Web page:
Jersey City: 07302 07304 07305 07306 07307 09308 07309 07310
07311 07395 07399
Long Branch: 07740
Newark: 07101 07102 07103 07104 07105 07106 07107 07108
07112 07114 07175 07182 07184 07188 07189 07191
07192 07193 07194 07195 07197 07198 07199
New Brunswick: 08901 08902 08903 09804 08905 08906 08922
08933 08988 08989
Patterson: 07501 07502 07503 07504 07505 07506 07507 07508
07509 07510 07511 07512 07513 07514 07522 07524
07533 07538 07543 07544
Plainfield: 07060 07061 07062 07063 07069
Boarding is pre-approved for the following zip code areas:
08016 08066 08096 08618 08608
08101 08102 08103 08104 08105
08232 08609 08610 08611 08611
08312 08302 (Bridgeton only) 08360 (Vineland only)
08401 08406 (Ventnor only) 08110 (Pennsauken only)
08600 08332 (Mellville only) 08650 (Trenton only)
New York, New York
Board all properties within the city limits of the five boroughs in New York City without pre-approval with the exception of Dutchess, Putnam, and Rockland Counties.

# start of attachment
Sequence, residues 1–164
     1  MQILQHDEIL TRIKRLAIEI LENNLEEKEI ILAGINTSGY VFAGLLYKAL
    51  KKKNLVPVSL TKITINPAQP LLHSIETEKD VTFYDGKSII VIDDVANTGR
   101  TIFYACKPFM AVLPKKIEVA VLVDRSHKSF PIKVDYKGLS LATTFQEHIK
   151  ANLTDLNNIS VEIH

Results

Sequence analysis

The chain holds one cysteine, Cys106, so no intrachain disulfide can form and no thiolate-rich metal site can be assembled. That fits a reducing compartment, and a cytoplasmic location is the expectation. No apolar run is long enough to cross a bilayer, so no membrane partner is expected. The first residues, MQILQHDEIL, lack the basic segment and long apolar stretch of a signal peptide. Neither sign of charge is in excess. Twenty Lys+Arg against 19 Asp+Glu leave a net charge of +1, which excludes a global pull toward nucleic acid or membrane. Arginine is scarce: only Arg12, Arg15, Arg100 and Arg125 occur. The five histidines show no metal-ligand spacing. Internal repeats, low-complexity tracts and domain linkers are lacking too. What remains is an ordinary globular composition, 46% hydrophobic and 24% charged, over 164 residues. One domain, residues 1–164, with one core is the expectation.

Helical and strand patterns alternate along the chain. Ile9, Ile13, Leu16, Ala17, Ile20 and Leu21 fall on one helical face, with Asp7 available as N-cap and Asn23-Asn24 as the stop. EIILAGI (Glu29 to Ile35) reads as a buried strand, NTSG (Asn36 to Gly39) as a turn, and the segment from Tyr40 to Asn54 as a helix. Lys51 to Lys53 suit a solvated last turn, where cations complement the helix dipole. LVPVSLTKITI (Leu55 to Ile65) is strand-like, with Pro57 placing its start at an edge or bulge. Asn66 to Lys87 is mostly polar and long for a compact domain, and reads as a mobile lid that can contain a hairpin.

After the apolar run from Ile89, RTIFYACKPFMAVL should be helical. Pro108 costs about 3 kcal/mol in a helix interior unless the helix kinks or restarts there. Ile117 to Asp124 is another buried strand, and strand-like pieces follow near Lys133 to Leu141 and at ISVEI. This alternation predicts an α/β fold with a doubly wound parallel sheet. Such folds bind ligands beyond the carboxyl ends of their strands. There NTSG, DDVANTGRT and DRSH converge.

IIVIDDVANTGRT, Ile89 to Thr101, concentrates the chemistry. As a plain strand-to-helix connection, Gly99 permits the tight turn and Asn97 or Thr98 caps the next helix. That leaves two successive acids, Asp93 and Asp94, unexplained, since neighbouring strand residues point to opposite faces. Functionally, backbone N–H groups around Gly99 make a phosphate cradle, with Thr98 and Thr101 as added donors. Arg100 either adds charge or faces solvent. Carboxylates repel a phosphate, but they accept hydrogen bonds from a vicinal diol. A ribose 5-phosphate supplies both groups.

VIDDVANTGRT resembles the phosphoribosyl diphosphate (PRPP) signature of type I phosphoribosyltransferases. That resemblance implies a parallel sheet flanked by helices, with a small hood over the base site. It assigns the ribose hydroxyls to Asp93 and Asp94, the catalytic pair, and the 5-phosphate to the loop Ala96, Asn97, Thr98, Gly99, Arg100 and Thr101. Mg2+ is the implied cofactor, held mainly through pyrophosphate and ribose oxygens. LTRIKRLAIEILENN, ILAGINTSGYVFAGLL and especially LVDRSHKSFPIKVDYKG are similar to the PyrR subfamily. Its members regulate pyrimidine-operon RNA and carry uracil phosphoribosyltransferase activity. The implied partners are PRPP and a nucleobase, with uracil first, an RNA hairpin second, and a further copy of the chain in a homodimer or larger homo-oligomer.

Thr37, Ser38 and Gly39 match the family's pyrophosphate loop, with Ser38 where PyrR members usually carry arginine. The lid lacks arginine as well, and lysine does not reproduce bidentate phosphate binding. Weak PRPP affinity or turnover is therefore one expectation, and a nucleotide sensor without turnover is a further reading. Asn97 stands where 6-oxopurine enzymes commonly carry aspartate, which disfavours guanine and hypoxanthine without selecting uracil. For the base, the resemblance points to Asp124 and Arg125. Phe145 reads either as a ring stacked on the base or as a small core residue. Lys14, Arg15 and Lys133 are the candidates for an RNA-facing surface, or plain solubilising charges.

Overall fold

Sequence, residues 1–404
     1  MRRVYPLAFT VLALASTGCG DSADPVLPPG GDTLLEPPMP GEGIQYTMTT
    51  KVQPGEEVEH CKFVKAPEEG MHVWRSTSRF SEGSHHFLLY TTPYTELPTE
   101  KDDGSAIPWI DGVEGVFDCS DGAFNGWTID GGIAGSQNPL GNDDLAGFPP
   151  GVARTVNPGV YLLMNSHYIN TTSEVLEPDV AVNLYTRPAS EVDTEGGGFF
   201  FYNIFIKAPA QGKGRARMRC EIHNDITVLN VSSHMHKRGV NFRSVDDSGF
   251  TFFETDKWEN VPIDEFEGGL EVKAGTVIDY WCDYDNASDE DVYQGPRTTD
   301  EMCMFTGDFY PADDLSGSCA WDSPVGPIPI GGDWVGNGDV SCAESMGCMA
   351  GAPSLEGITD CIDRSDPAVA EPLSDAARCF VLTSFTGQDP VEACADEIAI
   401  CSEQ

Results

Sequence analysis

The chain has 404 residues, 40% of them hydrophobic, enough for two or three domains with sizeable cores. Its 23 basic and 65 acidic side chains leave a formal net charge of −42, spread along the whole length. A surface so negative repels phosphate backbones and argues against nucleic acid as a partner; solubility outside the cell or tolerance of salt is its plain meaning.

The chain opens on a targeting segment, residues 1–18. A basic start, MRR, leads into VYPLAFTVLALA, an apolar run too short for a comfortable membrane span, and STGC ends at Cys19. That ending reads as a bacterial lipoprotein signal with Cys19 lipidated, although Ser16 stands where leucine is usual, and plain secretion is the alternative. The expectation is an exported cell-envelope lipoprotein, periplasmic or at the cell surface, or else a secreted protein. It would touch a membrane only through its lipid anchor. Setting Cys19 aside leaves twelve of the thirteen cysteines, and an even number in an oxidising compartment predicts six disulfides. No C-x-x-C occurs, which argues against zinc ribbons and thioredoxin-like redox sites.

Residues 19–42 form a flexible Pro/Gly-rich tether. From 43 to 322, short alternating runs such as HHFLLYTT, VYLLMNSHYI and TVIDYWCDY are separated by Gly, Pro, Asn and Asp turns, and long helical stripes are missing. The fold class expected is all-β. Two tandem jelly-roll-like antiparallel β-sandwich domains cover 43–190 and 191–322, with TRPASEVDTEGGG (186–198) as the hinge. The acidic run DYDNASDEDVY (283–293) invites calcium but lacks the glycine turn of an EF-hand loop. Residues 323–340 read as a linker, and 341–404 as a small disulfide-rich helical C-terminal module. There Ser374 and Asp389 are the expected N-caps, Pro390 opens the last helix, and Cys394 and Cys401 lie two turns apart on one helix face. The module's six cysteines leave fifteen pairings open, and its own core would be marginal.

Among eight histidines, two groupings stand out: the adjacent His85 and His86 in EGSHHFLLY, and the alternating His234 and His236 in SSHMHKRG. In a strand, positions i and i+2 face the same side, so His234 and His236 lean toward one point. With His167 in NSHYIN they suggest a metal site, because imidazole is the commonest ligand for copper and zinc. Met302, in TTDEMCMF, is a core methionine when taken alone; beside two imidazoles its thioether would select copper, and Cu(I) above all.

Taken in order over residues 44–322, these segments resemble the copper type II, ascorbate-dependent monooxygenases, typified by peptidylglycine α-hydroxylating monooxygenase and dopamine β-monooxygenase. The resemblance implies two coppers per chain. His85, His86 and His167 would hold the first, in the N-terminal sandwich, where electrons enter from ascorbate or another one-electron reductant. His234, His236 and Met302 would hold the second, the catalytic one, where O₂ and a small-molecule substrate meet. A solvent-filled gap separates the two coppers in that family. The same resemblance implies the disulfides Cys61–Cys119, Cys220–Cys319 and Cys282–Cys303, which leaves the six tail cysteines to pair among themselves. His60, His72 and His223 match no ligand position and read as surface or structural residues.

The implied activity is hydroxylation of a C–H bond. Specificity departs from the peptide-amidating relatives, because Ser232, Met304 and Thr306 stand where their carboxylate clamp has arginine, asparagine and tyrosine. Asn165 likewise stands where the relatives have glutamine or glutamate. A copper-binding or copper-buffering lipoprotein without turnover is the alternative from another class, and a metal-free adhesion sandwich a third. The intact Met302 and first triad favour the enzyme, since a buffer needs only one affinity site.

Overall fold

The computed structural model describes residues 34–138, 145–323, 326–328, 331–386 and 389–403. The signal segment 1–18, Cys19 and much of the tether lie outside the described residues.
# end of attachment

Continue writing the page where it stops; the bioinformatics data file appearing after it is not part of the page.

Boarding is pre‑approved for the following zip code areas in the cities of:
Providence: 05901 02902 02903 02904 02905 02906 02907
02908 02909 02910 02911 02912 02918 02919
Cranston: 02823 02905 02907 02910 02920 02921
Boarding is pre‑approved for the following zip codes.
17509 17512 17516 17517 17518 17527
17532 17536 17547 17550 17560 17563
17565 18101 18102 18103 18115 18117
19013 19023 19320 19335 19380 19401
SANTA ANA Homeownership Center
Long Beach, California
Properties should be secured with window screens and security doors only. Do not use plywood boarding material to secure window openings. See diagrams and specifications on pages 30-31
5 thoughts on “Property Preservation: Boarding Windows & Doors”
What is a “United Inch”?
A United Inch is a method of measurement used mainly for calculating the price of a task involving windows. To figure out the total united inches of a window, you need to know the width and height of a window and then convert each of the measurements into inches. Next you would add the width of a window (in inches) to the height of a window (in inches) to determine the number of United Inches. For example, a window that measures 24″ wide x 48″ high would be considered 72 United Inches.
Are we allowed to use OSB to boardup windows?
Only plywood may be used. We never use OSB for boarding.
I see in some of the video’s above only (2) carriage bolt were used to board up a window is that the right way? I thought you’re supposed to use (4) carriage bolts